Writing an IRB protocol can seem like a cumbersome undertaking, but it doesn’t have to be. If you’re currently writing an IRB protocol (or thinking about writing one), join us for this workshop to gain a better understanding of common writing problems with IRB protocols and learn strategies to correct them. Members of the IRB will be available during the session to answer questions, and you will have the opportunity to apply the strategies learned to peer review your own IRB protocol draft or draft a new IRB protocol.
If you’re working on an ePortfolio for a class, job search, or graduate school application, join us for this workshop to learn strategies and gather resources to help you move from a draft to a more polished ePortfolio. During this session, we will discuss design principles to help you create an ePortfolio that is aesthetically pleasing and reinforces your message. We’ll also discuss common technology mistakes and how to incorporate some of the technical features of the platforms into your website. To participate, bring your ePortfolio draft (whatever you have ready) and your laptop.
Demonstrating effective writing and communication is a critical component of your ePortfolio, whether you’re preparing one for a class, job search, graduate school application, or any other purpose. During this workshop, we will help you create dynamic, meaningful reflections for your ePortfolio and determine how to refine your ePortfolio to create one cohesive story. Bring your draft (rough text, bullet points, or more complete drafts) and your laptop to participate.
Creating an effective survey requires more than just attention to the questions being asked; it also requires attention to the visual design. This workshop focuses on how to design your survey so that the directions are clear, it is easy to read and understand, and it displays appropriately across different devices. Bring a draft of your survey questions and your laptop to work on creating an effective design that will help make your survey a success.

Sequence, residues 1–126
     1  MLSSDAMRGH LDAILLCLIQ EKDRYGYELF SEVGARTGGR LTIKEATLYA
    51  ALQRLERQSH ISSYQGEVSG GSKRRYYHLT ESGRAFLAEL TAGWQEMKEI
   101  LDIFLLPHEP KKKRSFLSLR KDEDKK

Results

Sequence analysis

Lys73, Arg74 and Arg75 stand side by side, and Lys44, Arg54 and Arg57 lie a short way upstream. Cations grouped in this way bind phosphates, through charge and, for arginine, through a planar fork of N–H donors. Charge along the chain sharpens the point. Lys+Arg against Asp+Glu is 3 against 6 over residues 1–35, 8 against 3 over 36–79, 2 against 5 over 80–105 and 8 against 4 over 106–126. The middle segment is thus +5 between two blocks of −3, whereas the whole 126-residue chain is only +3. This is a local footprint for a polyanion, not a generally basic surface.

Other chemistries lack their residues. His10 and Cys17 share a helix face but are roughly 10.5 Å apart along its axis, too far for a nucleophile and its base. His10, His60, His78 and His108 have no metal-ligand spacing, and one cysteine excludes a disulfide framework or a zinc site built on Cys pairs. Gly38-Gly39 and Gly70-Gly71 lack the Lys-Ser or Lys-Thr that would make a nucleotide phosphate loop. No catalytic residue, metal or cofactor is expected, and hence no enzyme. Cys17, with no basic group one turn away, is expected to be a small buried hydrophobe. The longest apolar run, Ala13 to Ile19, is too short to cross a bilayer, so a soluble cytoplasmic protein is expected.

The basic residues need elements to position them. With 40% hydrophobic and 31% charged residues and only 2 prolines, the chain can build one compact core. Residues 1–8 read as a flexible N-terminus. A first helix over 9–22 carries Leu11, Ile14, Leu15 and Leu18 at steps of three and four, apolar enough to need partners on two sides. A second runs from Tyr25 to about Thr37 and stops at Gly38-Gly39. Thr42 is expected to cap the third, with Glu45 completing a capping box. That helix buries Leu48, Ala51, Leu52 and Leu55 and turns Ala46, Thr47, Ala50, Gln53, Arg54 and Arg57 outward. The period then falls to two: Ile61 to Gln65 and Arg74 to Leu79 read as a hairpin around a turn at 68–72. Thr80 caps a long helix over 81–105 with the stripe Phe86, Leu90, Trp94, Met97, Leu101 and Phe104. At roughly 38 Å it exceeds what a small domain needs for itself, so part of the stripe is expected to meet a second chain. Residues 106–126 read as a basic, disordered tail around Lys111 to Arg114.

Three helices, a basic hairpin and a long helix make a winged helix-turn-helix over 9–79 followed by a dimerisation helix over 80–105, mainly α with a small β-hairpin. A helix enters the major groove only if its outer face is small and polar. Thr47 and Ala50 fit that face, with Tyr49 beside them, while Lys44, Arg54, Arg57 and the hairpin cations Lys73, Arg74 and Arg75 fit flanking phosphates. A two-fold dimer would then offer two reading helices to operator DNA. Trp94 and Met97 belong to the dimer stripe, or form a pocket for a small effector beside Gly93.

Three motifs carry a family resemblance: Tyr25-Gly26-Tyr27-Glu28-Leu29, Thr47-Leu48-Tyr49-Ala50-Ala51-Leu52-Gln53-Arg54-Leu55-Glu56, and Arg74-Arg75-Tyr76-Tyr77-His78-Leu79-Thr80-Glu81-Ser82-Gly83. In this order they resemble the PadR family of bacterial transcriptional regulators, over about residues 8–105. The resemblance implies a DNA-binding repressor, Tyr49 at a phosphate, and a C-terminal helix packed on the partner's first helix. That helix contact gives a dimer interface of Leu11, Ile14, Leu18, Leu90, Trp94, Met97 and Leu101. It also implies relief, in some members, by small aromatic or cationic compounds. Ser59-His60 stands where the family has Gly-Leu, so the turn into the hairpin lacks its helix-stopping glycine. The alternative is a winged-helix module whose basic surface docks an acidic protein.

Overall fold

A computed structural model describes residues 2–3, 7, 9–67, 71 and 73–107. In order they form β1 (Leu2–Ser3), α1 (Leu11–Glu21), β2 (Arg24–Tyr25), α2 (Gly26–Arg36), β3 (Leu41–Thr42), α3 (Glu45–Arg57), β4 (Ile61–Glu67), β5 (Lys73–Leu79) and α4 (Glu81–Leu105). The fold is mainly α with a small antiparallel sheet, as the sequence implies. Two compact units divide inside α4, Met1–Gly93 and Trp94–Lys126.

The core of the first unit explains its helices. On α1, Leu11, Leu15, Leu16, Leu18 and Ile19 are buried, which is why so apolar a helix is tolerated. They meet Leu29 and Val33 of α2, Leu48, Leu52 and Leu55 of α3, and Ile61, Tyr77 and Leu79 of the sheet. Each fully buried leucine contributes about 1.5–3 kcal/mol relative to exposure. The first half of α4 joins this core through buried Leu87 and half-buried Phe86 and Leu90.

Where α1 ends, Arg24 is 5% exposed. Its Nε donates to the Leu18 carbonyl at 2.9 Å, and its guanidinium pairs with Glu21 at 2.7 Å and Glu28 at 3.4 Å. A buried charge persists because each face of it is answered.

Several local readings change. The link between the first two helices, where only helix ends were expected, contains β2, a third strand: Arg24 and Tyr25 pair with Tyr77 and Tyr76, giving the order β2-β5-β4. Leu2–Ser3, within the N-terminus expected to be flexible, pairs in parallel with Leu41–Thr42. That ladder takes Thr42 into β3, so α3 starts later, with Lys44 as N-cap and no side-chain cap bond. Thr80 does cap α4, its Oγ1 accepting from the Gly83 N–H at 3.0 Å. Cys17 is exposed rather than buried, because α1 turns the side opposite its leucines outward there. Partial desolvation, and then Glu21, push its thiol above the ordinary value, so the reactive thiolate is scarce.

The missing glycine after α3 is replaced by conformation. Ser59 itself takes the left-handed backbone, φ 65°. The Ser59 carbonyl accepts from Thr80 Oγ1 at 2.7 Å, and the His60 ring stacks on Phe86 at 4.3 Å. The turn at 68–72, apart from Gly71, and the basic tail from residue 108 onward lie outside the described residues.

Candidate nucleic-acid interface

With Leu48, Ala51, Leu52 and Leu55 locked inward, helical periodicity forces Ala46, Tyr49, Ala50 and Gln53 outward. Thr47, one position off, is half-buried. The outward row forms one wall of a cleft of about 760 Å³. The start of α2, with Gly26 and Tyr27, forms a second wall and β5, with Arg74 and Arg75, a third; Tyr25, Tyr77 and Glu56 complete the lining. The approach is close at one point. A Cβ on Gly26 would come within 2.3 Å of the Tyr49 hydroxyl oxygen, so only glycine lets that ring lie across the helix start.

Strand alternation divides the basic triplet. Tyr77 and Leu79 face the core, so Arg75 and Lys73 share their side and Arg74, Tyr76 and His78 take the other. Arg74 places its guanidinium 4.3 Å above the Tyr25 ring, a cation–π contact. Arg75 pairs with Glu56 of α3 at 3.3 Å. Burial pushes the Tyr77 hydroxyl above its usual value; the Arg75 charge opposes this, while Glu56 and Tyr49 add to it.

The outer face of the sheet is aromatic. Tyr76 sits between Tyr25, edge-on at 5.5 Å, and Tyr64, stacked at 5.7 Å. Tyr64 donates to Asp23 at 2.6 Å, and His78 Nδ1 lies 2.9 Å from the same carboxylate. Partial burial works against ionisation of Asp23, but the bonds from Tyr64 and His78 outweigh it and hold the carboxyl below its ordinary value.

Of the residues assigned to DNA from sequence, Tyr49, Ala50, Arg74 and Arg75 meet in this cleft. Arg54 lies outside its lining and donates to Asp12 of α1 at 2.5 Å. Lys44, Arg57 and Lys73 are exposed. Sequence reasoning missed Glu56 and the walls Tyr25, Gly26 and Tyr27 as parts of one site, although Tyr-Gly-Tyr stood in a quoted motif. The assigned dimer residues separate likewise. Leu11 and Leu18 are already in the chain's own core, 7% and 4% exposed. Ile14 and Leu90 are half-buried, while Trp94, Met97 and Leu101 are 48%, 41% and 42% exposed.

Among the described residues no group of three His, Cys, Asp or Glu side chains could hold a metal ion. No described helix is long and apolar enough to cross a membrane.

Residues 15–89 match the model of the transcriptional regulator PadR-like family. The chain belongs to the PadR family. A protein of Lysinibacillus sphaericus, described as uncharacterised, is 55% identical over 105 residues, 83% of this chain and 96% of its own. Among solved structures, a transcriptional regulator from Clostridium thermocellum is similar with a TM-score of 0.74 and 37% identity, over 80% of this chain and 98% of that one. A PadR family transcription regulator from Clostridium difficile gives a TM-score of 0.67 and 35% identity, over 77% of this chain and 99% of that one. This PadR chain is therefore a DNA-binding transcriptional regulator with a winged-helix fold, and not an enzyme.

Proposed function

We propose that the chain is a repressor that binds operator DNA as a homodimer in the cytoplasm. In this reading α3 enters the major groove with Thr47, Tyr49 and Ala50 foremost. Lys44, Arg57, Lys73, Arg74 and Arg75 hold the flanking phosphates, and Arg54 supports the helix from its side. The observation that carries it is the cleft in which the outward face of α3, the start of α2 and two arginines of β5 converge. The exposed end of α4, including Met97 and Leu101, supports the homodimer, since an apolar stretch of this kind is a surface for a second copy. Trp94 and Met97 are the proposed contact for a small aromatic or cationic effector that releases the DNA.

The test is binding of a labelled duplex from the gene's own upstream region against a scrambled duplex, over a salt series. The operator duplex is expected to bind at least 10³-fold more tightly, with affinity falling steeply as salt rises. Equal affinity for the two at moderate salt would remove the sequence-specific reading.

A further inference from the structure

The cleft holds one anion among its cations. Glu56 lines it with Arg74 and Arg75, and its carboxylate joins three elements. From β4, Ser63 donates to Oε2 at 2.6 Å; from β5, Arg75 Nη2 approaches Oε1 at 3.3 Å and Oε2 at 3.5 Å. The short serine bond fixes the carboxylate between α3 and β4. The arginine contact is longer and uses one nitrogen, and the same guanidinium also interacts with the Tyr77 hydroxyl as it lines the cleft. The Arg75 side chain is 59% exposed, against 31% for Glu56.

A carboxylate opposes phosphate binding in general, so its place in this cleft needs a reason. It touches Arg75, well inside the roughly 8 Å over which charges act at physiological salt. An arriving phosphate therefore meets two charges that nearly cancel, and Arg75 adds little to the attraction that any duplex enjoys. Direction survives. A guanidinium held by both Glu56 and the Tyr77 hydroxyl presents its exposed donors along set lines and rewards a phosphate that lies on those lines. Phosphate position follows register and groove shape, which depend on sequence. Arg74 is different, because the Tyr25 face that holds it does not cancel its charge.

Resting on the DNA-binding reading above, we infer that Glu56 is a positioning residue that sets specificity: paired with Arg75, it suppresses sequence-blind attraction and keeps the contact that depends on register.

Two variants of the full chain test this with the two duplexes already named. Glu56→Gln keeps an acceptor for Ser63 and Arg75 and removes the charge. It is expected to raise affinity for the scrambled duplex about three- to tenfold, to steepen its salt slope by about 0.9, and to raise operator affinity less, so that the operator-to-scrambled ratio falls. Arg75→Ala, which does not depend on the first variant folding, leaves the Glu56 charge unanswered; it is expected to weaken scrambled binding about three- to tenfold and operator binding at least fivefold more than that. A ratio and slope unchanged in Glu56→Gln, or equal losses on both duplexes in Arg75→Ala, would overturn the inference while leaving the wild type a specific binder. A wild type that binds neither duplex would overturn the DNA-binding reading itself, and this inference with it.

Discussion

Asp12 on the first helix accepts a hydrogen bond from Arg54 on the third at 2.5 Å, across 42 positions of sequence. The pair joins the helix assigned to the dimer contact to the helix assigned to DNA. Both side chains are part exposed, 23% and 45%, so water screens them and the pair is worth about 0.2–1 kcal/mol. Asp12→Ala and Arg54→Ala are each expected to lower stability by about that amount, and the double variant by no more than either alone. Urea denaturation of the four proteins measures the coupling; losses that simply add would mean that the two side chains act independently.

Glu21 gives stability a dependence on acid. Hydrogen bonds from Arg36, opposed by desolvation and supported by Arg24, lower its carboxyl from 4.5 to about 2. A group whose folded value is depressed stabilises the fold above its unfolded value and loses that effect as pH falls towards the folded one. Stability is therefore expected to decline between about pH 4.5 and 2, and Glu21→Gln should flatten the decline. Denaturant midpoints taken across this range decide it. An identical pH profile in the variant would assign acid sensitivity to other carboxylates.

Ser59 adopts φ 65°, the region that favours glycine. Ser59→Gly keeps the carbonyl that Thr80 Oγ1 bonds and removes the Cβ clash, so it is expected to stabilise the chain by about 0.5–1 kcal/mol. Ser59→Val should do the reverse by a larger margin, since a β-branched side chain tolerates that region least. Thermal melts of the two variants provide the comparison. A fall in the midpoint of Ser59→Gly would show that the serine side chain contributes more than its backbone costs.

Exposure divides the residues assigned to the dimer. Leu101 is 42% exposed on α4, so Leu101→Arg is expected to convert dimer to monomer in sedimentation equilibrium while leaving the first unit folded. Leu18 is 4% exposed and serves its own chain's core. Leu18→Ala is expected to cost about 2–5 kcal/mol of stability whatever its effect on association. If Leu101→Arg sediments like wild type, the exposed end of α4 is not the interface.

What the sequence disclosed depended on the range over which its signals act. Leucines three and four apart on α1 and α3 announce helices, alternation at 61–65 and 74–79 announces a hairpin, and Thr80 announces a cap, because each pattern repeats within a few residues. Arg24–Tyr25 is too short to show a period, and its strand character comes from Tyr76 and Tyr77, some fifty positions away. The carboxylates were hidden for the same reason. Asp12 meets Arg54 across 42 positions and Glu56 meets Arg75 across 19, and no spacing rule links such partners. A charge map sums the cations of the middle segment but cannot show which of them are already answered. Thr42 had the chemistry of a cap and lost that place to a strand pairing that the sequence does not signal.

Editing and proofreading your own work can be a daunting task. This hands-on workshop helps you determine what makes self-editing so difficult and arms you with a series of strategies for successful self-editing, such as tricking your brain to disrupt your natural autocorrect, developing a common error log, and reading a piece backwards or out of order to help identify errors. Participants will have ample time to practice the strategies learned on examples from the facilitator as well as their own work, so bring a project you can use to test out your new skills. Click here to register.
It’s easy to fall in love with elegant (but often unnecessary) phrases you’ve crafted and difficult to edit the lengthy sentences you’ve labored over in your attempts to perfect your writing assignment. But in some cases, not only will your writing will be more effective if it is clear and concise, but you may need to tighten up your writing to meet a given word limit. This workshop will offer specific strategies and methods for revising writing to be more clear and concise and allow you time to practice those strategies on your own work, so bring a piece to work on. Click here to register.
The end of the semester is fast approaching, and soon you’ll be focusing on writing for exams, for class, for comps, etc. This workshop will help prepare you for this writing by taking you through the process of understanding how to read exam prompts and questions actively, developing an effective writing process within time constraints, and practicing specific strategies to manage exam situations. Leave the session with concrete strategies you can use to tackle your final exams with confidence. Click here to register.
Questions about WoW Wednesdays?
Contact the Office of University Writing at 334-844-7475 or email email@example.com.